How To Write A Short Story
The short story is much like a horse race. It begins with a BANG! The story races forward, never losing speed and before you can finish your soda, it is done, a winner is announced and the crowd cheers. A short story may be over far more quickly than a novel but that does not mean it is any easier to write.
Short stories require a great deal of skill to write. It is takes hard work and a lot of practice to perfect. Effective, creative short stories have the power to impact their reader in just a few pages. Here are some tips to help you on your shorter, yet no less difficult path to penning your short story.
BEGIN WITH A BANG: The starting gun fires with that first paragraph. You must captivate your reader with something- be it action, drama or suspense, start quick and strong.
HAVE A CLEAR THEME. The theme of your story is not the same as the plot. It is the underlying message behind the words. Your theme should not be presented directly to the reader; it should be extracted from the plot and characters. A strong message will have deep resonance in the minds of readers.
COVER A SHORT SPAN OF TIME: Your short story should cover one pivotal event in a characters life. The conflict and resolution cover a series of days or weeks, not years. Unlike novels, short stories are a short period of time. Keep your time frame simple and tight.
KEEP CHARACTERS TO A MINIMUM. Each character will bring new dimensions to the story, bringing with them complications. The fewer the characters the more effective your story will be. Too many different dimensions or directions will dilute the theme. The focus will become blurred and your story weaker. Only have enough characters to illuminate your theme.
MAKE EVERY WORD COUNT. There is no room for jibber jabber in a short story. You have limited words (typically between 1,000-7,000) to illustrate your story. Every word should work towards illuminating the theme and moving the story forward. Do not flood the story with unnecessary adjectives.
CHOOSE THE NARRATOR. Who is telling the story? There are three main points of view from which to tell a story: FIRST-PERSON (“I”), here a character in the story is narrating; keep in mind, when using first person, the narrator can only tell what they know or what they have been told. In SECOND-PERSON (“you”) the reader is made a character in the story. In THIRD-PERSON (“he” or “she”) an outside narrator is telling the story.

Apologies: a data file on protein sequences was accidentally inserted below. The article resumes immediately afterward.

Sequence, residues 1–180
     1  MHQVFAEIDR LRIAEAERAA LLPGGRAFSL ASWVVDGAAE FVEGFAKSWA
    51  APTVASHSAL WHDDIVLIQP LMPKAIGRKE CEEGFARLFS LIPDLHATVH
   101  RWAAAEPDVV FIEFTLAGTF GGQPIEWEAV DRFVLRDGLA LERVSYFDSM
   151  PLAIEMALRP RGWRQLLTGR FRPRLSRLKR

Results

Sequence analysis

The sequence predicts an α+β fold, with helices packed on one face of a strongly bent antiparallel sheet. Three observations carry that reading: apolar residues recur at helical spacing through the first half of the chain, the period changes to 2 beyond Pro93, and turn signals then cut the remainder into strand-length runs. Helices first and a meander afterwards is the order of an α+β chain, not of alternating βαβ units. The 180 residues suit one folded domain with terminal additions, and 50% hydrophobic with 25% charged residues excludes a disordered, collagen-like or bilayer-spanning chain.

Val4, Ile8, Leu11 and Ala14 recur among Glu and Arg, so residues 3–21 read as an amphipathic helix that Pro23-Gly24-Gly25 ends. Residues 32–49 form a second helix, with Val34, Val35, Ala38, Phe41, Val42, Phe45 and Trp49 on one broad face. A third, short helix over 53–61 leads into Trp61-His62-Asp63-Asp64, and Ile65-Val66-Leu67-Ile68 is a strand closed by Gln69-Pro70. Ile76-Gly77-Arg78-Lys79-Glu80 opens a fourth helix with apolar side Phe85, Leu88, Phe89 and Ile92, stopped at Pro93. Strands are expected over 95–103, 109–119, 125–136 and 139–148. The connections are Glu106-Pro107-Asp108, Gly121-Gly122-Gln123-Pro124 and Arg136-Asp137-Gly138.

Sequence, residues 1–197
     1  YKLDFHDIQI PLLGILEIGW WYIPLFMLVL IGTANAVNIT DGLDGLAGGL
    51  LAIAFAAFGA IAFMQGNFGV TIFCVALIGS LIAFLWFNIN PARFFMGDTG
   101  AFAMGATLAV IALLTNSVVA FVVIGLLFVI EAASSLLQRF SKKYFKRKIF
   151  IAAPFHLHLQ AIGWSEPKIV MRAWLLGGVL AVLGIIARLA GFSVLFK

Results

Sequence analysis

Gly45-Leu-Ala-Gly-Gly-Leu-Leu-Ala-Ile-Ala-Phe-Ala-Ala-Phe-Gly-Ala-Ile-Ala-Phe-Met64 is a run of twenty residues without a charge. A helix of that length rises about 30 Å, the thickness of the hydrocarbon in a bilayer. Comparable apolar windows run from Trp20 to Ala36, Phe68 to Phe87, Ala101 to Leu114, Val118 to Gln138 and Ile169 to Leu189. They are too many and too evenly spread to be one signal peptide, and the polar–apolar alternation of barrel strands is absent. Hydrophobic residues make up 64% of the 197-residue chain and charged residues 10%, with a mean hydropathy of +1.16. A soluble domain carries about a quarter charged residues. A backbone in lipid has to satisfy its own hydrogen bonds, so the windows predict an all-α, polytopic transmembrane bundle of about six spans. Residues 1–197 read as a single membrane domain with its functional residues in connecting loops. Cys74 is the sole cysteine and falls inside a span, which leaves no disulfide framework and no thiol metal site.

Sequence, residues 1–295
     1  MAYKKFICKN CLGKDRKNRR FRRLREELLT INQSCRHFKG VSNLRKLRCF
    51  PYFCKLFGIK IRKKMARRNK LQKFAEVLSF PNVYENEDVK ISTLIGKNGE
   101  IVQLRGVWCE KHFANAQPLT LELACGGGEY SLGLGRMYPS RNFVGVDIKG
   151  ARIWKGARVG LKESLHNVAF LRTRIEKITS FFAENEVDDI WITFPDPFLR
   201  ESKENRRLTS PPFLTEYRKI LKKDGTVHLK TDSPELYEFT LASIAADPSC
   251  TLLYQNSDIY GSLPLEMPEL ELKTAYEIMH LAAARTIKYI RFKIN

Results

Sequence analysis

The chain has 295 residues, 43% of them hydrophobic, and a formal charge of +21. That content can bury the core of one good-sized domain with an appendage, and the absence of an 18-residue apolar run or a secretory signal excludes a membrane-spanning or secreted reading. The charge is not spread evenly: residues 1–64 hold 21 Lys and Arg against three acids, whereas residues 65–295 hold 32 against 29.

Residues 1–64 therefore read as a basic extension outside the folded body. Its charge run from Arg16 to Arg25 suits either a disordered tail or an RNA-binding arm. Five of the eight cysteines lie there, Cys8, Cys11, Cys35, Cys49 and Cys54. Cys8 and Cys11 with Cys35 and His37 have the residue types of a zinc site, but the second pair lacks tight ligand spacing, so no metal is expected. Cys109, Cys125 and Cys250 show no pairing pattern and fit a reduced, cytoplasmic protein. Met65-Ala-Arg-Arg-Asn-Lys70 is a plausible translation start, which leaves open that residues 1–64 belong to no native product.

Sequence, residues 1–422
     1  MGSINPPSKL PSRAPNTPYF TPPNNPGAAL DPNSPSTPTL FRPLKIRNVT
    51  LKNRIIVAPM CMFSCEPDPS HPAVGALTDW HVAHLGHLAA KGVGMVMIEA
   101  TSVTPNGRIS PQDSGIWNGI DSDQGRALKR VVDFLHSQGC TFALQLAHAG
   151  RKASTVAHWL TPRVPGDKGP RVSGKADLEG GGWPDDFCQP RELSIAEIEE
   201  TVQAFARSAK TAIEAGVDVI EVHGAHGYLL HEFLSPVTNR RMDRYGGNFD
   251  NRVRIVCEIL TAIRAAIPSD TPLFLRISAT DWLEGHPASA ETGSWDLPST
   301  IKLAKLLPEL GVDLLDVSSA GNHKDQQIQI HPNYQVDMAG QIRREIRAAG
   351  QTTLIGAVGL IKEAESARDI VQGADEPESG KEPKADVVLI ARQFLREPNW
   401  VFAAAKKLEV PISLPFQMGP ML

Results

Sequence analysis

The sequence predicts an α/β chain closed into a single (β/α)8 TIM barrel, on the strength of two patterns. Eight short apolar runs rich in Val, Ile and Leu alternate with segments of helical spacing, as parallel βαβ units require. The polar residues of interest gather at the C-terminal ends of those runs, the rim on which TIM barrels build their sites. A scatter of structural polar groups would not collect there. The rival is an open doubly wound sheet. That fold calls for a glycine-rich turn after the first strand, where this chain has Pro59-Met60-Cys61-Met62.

KEEP YOUR FOCUS. Short stories should follow one concise subject line. They should be short, sweet and to the point. Through the entire writing process you should ask yourself, “What is the point?” The entire story should stick to that point. If you begin to waver and follow other paths you will be on the trail to a novel or a story that will go nowhere.
STRUCTURE. Start by writing a bare bones story. This way you can pay attention to the structure. A story needs a beginning, middle, and end. In a short story the beginning should only be a few paragraphs long. By the end of the beginning we should know the main characters, setting and plot and what the character wants, needs. In the middle of your story your character should have faced and solved their problem. It is a good plan to have the character try to solve the problem 3 times, too little will not hold the readers interest and too many will make them think the main character is foolish. The ending should present a snappy resolution, offering closure to your reader and character.
READ SHORT STORIES. Nothing can help you learn to write a good short story better than reading good short stories. Choose authors and stories that you enjoy; pay attention to how they develop their characters, write dialogue, and structure their plots.
LET THE STORY WRITE ITSELF. You may have a planned out path when you begin writing and as you work your characters pulls you in another direction--it is okay to follow them. Don’t worry about scrapping your plot plans, as long as the new path keeps you along the same theme.
EDIT. Enough said.
Tips on writing a short story.